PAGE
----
Why is the doctor performing this procedure?
To provide support for a weakened portion of the abdominal aorta called an aortic aneurysm. When pressure from blood pushes against the wall of the aorta, it causes the weakened portion of the aorta to balloon. If left untreated, the aorta (the largest artery in the body) may rupture, causing massive internal bleeding. A device known as an endoluminal stent graft (or endograft) can be placed inside the abdominal aorta to provide support for the weakened artery. This endograft is a hollow, fabric-covered tube, surrounding a mesh metal cylinder (or stent). When permanently placed inside the abdominal aorta, it alleviates blood pressure on the aorta, allowing blood to pass through it without pushing on the weakened, bulging artery.
What is the procedure?
Abdominal endografting is a minimally-invasive procedure to repair an abdominal aortic aneurysm. At the beginning of the procedure, you will receive a sedative along with regional (in some cases, general) anesthesia. To help decrease the chances of infection, the clinical team will clean your skin and shave hair around the insertion point—your groin. A small puncture will be made in the groin to insert and place the endograft. The endograft is advanced to the abdominal aorta. X-ray pictures are continually taken by the physician so he or she can position the endograft appropriately. Once it is positioned at the aneurysm site, the physician withdraws the catheter, subsequently leaving the endograft in place.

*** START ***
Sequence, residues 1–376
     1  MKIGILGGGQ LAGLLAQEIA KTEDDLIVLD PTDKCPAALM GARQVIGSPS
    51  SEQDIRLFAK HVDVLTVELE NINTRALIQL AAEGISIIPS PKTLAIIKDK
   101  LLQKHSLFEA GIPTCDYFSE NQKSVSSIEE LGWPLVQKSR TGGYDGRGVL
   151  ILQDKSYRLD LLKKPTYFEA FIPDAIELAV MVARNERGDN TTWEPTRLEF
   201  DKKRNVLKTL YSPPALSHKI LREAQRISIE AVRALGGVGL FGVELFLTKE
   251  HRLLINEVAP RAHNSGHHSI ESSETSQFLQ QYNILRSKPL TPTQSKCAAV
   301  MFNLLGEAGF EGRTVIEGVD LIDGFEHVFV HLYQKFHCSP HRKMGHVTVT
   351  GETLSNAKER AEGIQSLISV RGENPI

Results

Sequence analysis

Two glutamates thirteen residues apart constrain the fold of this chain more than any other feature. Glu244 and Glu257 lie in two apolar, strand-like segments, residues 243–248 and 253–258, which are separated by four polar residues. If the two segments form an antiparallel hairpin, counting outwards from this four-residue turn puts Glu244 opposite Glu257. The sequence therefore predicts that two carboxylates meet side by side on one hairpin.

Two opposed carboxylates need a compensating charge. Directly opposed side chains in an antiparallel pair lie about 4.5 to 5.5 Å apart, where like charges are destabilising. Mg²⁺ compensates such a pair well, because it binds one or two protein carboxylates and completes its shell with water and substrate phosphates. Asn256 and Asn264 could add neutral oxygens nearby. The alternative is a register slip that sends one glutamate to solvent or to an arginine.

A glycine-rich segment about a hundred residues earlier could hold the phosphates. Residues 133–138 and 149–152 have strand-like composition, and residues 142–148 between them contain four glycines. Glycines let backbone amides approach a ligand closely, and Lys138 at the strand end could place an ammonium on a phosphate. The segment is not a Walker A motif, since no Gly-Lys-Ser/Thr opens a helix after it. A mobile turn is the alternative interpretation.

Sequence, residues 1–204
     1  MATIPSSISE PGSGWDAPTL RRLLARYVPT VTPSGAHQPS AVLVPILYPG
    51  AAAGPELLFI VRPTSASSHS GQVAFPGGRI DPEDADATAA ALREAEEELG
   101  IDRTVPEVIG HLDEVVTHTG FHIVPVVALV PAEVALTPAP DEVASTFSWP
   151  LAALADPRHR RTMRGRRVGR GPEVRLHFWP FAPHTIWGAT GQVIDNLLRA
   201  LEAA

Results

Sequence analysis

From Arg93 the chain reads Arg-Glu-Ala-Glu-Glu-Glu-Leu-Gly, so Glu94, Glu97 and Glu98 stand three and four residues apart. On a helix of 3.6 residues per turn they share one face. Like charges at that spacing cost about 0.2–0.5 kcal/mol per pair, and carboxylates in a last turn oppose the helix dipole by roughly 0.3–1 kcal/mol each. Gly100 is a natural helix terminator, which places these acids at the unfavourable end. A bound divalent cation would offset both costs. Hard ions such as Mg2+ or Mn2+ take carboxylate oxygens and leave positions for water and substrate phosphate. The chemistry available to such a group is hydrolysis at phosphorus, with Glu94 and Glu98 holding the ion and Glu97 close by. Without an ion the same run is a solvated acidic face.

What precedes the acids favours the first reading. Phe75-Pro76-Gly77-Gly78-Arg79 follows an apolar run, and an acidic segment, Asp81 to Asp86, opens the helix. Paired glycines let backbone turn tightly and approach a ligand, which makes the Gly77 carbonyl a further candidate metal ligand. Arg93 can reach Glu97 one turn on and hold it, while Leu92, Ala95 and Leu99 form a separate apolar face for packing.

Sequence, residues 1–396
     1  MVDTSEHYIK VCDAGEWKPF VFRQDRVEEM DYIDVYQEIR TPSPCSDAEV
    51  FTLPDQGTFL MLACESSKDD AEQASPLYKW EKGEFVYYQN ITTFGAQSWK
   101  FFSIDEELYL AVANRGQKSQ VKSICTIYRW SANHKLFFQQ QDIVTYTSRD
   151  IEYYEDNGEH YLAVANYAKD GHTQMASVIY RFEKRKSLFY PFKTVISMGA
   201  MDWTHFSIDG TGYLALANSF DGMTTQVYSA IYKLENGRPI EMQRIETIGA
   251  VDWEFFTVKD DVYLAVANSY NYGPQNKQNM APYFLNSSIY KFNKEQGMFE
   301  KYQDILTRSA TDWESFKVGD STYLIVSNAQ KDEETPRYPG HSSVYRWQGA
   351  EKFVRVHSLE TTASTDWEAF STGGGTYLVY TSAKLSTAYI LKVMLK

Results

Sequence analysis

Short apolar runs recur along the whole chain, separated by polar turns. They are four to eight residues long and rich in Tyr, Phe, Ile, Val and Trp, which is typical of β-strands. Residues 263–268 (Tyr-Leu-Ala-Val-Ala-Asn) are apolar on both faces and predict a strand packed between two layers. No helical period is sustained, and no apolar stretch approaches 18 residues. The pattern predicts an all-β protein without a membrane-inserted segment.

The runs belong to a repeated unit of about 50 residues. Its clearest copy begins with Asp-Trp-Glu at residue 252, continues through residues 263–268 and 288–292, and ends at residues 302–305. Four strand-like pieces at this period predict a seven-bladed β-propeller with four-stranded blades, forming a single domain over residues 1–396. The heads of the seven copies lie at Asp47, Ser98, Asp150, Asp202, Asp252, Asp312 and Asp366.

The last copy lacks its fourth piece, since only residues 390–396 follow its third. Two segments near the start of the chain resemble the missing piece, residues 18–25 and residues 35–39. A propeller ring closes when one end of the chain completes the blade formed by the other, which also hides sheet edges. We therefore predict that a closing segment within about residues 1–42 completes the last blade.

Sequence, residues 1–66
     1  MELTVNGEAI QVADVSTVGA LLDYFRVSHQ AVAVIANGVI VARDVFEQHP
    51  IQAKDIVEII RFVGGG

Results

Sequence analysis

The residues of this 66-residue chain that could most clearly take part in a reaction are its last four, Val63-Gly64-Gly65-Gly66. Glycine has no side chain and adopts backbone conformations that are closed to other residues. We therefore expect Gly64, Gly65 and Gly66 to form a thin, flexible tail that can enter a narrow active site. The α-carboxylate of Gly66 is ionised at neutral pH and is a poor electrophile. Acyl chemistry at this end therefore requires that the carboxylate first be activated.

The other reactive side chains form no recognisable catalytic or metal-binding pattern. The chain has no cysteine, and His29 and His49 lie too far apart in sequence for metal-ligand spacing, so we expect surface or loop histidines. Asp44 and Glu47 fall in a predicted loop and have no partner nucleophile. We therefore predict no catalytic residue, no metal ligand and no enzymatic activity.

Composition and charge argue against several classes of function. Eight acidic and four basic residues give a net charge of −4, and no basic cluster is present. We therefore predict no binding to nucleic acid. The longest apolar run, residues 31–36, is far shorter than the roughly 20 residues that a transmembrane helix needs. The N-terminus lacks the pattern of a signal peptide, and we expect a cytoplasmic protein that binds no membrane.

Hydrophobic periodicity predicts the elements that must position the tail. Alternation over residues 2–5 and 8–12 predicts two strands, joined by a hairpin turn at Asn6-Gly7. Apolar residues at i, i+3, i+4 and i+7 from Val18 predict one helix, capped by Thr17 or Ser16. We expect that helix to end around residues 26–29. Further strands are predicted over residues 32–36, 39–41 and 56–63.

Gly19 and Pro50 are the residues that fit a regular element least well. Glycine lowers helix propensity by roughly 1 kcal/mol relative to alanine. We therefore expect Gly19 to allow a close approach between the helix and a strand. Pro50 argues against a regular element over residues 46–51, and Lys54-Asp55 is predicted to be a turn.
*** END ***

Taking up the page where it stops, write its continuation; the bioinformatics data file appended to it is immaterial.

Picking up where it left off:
Pressure is applied to the puncture site (to stop bleeding) while the patient rests quietly.
Where is the procedure performed?
In the Catheterization Lab or the Interventional Radiology Suite.
How long does this procedure take?
Abdominal endograft placement usually takes 1-2 hours.